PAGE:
The detour signs on Mille Lacs County Road 12 between Princeton and Milaca could remain up as much as seven days longer than originally planned due to a change in the design of the new bridge being constructed on that road.
The contractor, Schroeder Construction, of Glenwood, was originally given a deadline of Nov. 4 to complete the $800,000 project of replacing the 1970s-era, two-pier bridge over the Rum River with a one-pier bridge.
Heavy rain in late June swelled the river to where it slowed the work, but what caused the need recently for more time to complete the project was an unforeseen problem in the stream bed – namely big rocks. The original design of the pier for the new bridge required building a temporary coffer dam to hold back the water to construct it.
The original soil borings for the project only suggested smaller size rocks known as cobble in the river bottom. But when the contractor tried hammering the sheets of metal into the stream bed to form the coffer dam, the sheets found resistance from rocks, Mille Lacs County Public Works Director Bruce Cochran and Ron Bray with the project’s engineering firm, WSB & Associates, said last week.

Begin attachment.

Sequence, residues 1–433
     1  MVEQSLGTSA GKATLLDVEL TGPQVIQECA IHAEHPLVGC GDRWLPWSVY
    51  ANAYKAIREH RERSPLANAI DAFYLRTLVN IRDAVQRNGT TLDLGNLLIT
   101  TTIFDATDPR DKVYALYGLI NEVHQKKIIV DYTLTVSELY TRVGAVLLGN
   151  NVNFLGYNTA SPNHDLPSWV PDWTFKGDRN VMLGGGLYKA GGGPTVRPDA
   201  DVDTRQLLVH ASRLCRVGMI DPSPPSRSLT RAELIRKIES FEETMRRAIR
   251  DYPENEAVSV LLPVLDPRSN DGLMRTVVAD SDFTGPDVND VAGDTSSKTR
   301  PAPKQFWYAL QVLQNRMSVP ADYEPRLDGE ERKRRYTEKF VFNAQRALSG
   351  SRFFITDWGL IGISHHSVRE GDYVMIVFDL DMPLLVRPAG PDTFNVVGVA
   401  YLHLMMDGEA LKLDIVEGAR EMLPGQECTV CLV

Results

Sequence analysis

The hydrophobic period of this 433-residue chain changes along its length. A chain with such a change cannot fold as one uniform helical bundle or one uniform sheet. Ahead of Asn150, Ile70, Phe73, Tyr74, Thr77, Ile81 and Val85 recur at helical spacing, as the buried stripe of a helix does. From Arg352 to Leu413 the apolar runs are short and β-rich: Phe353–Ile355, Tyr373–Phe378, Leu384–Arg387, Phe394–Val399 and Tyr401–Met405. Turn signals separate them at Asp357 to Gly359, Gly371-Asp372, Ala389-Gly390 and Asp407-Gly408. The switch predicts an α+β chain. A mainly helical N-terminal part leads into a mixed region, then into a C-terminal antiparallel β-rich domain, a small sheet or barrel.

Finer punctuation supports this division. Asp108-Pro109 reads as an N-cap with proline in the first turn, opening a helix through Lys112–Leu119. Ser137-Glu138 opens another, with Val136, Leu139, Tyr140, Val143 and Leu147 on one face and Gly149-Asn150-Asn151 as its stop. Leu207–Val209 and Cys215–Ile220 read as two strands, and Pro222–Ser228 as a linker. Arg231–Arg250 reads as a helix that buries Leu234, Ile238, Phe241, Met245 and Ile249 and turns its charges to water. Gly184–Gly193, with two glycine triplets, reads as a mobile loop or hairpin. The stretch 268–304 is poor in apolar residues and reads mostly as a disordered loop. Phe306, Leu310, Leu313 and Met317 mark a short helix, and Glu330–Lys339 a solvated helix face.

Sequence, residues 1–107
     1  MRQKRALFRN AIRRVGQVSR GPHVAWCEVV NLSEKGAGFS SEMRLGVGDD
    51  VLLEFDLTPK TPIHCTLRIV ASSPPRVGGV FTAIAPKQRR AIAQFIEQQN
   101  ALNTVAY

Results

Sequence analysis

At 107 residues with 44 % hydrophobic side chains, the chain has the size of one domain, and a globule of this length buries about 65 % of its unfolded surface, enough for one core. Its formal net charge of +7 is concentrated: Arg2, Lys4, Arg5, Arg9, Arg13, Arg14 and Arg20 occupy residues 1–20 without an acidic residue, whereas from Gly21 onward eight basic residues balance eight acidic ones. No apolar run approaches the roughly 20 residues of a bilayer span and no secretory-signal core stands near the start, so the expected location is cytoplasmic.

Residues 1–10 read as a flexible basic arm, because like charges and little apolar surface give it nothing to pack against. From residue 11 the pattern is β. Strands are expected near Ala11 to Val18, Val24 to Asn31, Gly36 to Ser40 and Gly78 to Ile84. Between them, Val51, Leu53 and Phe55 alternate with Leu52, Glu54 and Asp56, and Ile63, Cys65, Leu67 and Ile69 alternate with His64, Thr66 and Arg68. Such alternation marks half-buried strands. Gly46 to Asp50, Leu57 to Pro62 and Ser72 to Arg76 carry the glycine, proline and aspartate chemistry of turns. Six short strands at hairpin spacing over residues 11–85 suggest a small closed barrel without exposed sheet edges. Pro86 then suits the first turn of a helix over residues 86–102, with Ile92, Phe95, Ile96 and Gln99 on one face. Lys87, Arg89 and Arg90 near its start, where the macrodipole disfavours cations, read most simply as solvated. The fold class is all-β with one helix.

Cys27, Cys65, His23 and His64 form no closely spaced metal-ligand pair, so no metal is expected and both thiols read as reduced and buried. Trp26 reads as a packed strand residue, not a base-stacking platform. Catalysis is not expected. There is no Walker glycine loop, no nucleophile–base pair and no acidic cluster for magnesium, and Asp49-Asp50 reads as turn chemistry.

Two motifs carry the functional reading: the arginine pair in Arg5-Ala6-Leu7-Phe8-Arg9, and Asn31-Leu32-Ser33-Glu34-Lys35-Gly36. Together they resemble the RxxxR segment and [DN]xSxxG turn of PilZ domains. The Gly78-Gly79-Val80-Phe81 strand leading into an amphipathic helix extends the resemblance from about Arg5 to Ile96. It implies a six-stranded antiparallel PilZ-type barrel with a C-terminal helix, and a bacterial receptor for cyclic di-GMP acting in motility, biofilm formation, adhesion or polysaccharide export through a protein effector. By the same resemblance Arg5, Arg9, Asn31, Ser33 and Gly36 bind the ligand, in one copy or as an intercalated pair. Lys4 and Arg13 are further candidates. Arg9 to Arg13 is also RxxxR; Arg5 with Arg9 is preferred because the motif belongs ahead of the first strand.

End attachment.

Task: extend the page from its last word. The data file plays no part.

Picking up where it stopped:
Bray said that further investigation found rocks with two feet diameter and realized that a different kind of pier had to be built that didn’t require a coffer dam. WSB chose a new pier design that has eight extended metal pilings. Bray explained that the pilings, or supports, would extend above the water. Normally pilings are pounded into the ground and then cut off below the surface of the water and concrete is poured around and on top of the pilings.
The new design adds $18,031 to the project and results in the need for extending the completion deadline seven days to Nov. 11.
Cochran told the County Board during an update on the bridge project on Sept. 3 that the extra cost is “negligible.” He explained that it represents only about 2.5 percent of the bid amount. Cochran said the extra cost will be funded by state aid.
Cochran said that he believed the contractor would complete the bridge some days before the deadline but the extra time was given to provide a little more leeway in case other problems arise. Bray said that he had talked to the contractor and learned that he was within one day of being on schedule.
Since the late June precipitation, the area has had consistently dry days through July and August into September, which, while being tough on crops, has been good for bridge construction.